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I've recently read some of the article on first order logic from http://mathworld.wolfram.com/First-OrderLogic.html and I'm puzzled by the explanation of universal instantiation that the author gives. It says

the following rule holds provided that F(r) is the result of substituting variable r for the free occurrences of x in sentential formula F and all occurrences of r resulting from this substitution are free in F,

∀x F(x) 
-------
  F(r)

I don't understand how F(r) is the result of substituting variable r for the free occurrences of x when x is bound by the universal quantifier. How exactly is x free?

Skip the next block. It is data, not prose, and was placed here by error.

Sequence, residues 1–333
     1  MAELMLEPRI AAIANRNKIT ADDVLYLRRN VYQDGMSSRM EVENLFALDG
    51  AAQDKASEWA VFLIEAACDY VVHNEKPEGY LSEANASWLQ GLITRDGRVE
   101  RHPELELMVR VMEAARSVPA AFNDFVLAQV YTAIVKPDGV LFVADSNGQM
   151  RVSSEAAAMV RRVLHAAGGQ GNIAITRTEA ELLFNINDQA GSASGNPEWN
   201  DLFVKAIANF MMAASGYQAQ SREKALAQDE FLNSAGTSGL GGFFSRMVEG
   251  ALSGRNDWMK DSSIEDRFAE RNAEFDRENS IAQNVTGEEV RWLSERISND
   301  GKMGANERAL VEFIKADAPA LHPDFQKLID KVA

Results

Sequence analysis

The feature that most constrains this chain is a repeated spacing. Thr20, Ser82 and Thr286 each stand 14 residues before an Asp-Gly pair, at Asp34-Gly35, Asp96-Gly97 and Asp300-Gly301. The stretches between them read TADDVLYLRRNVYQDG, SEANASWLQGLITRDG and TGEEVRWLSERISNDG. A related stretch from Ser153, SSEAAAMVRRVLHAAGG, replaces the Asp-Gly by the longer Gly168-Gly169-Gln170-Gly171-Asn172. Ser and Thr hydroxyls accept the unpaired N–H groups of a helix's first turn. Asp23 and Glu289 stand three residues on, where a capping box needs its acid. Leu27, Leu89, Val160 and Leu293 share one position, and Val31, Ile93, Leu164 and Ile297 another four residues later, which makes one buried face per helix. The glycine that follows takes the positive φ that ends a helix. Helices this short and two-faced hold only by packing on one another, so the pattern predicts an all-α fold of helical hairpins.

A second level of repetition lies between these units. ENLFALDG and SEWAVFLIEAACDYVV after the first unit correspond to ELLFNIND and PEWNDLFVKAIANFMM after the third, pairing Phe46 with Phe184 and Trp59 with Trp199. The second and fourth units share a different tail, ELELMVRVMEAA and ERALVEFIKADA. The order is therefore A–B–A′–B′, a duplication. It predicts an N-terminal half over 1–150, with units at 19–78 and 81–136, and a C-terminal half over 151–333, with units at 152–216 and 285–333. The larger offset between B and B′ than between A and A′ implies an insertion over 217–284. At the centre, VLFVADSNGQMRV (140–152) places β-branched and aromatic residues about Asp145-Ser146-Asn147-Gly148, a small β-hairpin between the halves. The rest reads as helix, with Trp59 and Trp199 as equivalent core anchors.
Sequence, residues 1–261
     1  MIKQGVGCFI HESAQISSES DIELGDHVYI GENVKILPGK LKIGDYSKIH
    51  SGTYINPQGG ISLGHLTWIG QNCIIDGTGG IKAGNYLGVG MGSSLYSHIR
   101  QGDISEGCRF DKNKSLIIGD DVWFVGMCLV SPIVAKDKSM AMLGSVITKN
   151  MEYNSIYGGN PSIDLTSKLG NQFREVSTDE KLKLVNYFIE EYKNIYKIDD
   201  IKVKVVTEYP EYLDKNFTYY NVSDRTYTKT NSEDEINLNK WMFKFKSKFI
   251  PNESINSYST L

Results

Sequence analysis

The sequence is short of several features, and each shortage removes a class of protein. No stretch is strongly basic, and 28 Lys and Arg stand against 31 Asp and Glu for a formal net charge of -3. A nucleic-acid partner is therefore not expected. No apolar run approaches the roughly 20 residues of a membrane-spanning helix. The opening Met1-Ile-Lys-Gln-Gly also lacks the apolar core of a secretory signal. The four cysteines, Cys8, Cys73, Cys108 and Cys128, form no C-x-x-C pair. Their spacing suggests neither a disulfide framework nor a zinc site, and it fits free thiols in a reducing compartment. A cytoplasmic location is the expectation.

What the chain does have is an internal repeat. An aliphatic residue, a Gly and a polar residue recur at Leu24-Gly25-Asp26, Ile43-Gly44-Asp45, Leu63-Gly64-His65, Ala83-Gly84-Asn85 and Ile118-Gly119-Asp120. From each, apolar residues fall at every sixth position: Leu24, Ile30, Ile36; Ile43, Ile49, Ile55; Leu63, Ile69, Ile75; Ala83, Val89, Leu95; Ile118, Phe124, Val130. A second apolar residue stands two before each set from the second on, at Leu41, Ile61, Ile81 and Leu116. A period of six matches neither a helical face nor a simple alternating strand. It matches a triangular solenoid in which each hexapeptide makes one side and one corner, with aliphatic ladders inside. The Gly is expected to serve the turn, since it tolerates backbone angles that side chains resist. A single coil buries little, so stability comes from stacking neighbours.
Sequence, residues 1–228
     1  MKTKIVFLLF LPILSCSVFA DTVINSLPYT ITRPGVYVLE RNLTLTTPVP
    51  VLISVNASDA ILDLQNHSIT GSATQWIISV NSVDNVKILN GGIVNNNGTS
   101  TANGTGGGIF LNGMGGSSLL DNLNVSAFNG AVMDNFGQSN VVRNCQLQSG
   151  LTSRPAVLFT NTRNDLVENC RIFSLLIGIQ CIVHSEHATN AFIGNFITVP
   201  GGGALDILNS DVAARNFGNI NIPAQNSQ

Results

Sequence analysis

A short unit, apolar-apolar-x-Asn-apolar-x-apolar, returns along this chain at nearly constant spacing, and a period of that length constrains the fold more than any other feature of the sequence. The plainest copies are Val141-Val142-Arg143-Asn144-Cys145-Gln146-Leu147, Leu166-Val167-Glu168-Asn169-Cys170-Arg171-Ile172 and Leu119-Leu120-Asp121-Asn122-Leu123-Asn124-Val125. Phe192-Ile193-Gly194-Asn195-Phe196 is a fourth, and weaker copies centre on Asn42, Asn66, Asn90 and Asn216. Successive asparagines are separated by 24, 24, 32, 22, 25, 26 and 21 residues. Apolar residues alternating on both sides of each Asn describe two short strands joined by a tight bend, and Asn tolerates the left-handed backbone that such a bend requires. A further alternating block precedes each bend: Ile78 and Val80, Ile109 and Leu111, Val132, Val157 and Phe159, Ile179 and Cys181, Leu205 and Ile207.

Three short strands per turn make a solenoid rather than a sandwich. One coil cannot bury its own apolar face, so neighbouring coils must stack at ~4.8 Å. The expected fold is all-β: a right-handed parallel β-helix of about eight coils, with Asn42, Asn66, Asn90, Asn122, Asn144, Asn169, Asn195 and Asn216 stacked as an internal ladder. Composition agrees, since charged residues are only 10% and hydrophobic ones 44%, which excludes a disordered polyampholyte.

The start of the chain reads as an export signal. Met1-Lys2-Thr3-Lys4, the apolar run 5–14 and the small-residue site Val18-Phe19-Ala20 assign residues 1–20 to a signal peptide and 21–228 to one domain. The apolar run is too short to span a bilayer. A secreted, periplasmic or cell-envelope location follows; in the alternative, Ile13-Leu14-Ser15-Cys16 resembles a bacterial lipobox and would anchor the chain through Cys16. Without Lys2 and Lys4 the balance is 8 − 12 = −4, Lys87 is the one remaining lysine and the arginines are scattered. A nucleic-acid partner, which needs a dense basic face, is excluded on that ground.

• F(r) is the result of subst the term r for the free occurrences of the variable x into F(x), and not (forall x F(x) ...). You can see this post for more details. – Mauro ALLEGRANZA Dec 28 '14 at 14:29
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It says that (∀x)Fx ⇒ Fr

where F(x) is any sentential formula in which x occurs free, r is a term, F(r) is the result of substituting r for the free occurrences of x in sentential formula F, and all occurrences of all variables in r are free in F.

Note that that way of putting it doesn't say that x is free in (∀x)F(x). It says that x is free in F(x) — in the sentence that the universal quantifier in question applies to. In other words, that substitution of r for that x works because that x is not bound in F by any other quantifier.

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